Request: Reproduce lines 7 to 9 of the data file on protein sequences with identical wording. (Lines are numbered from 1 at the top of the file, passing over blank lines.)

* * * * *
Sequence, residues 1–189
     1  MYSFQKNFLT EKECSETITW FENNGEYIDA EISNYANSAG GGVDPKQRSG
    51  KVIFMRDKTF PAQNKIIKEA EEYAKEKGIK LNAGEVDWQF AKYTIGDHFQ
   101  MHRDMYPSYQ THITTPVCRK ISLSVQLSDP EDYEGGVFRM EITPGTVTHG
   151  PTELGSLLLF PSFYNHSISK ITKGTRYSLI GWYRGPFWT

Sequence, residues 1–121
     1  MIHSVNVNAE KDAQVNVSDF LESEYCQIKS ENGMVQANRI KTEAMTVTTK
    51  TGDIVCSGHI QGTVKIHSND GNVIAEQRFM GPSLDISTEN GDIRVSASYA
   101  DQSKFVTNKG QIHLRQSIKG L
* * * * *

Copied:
     1  MIHSVNVNAE KDAQVNVSDF LESEYCQIKS ENGMVQANRI KTEAMTVTTK
    51  TGDIVCSGHI QGTVKIHSND GNVIAEQRFM GPSLDISTEN GDIRVSASYA
   101  DQSKFVTNKG QIHLRQSIKG L